3 Ways A Successful Remodel Is Like A Successful Business Plan

I’ve been busy with a major remodel of late, which is now happily finished to our great satisfaction.  The successful conclusion has gotten me thinking about what went well with the project.  While I’m glad I didn’t keep track of how many hours I spent on this project, in hindsight it was very much like a well-crafted business plan:

  1. It all starts with the vision.  Knowing what I wanted out of this project is akin to knowing what I wanted when I was growing my law practice.  What type of work, with what type of clients?  How many?  By when?  Why?  Deciding what outcome I desired, — and writing it down – made it more concrete, exciting, and easier to plan for.  Yes, I drafted a bullet point list of what I wanted out of this remodel.  Do you have a vision for your practice?
  2. Research, research, research.  I spent hours looking at possible approaches to redoing a kitchen and master bedroom, and read everything I could find about how to have a remodel that succeeded with design, budget, and schedule.  Hiring the team was critical to our success, and I developed a list of questions for the architects, general contractors, and designers that I interviewed.  What made for a successful project, in their eyes?  Would my project fit their sweet spot, and why?  How did they feel about my budget?  Was it realistic, and why or why not?  If you’re an attorney out looking for more clients, or more work from your existing clients, what research are you doing to determine who is in your sweet spot?  What are your clients’ current unmet needs?  Who in your firm can help cross-market you to their clients?  If you don’t know the answers to those questions, you’re not putting your best business development foot forward.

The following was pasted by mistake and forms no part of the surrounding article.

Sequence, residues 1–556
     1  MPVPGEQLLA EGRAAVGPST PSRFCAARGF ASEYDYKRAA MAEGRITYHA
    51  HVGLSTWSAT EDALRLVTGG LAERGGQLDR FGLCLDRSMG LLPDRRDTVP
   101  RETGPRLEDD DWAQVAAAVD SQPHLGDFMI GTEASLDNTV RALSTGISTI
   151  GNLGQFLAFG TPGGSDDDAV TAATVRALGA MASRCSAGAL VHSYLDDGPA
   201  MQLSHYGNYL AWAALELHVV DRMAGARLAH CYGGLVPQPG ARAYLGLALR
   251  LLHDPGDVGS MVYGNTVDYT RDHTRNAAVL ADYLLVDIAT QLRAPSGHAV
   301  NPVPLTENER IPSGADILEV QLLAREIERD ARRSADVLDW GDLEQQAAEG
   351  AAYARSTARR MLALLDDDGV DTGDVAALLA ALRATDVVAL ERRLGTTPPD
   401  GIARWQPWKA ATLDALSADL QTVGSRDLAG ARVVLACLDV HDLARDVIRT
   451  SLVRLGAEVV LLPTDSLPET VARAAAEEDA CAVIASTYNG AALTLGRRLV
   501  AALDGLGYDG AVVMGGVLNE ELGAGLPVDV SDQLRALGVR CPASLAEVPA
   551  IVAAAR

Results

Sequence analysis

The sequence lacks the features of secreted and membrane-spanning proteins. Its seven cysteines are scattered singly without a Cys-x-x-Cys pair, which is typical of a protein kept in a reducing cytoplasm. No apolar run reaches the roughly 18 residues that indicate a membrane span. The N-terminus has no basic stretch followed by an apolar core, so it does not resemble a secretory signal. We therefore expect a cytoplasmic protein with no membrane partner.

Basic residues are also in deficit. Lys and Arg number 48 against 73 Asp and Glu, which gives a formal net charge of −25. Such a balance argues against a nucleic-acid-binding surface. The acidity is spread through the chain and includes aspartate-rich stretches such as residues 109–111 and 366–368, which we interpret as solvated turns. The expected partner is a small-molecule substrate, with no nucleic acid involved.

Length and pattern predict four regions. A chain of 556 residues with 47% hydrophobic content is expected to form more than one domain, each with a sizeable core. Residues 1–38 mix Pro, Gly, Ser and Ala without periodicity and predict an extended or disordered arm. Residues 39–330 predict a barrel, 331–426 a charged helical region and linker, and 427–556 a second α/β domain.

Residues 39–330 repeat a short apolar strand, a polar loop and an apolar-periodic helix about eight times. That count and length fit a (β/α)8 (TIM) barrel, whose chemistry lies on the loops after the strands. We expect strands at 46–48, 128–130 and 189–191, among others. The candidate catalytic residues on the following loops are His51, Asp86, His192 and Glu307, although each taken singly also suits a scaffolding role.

3. Follow up matters.  Keeping track of my various ideas for finishes or design ideas, the conversations I had with numerous people about factors to consider to stay within the budget, or the appropriate next steps to see if an approach was feasible, kept me on my organizational toes.  Just as in developing new clients, a plan is only as useful as the steps you logically take to implement it.  Gathering creative ideas about how to identify and/or stay in touch with your most likely client prospects is of no use if you don’t decide which of those ideas you are going to adopt and get done.

And don’t discount the fortuitous encounters that you have along the path that lead to business coming from unexpected quarters.  My sorority sister’s second husband referred me to the woman my husband and I eventually hired as the general contractor, and he first met Sandy from when their kids played soccer together 20+ years ago.  That would never have been enough for us to hire Sandy, but it got her onto my list of possible candidates, and when our project ended up being in her sweet spot, our project visions aligned, and her references were impeccable, she got the job.   And so can you!

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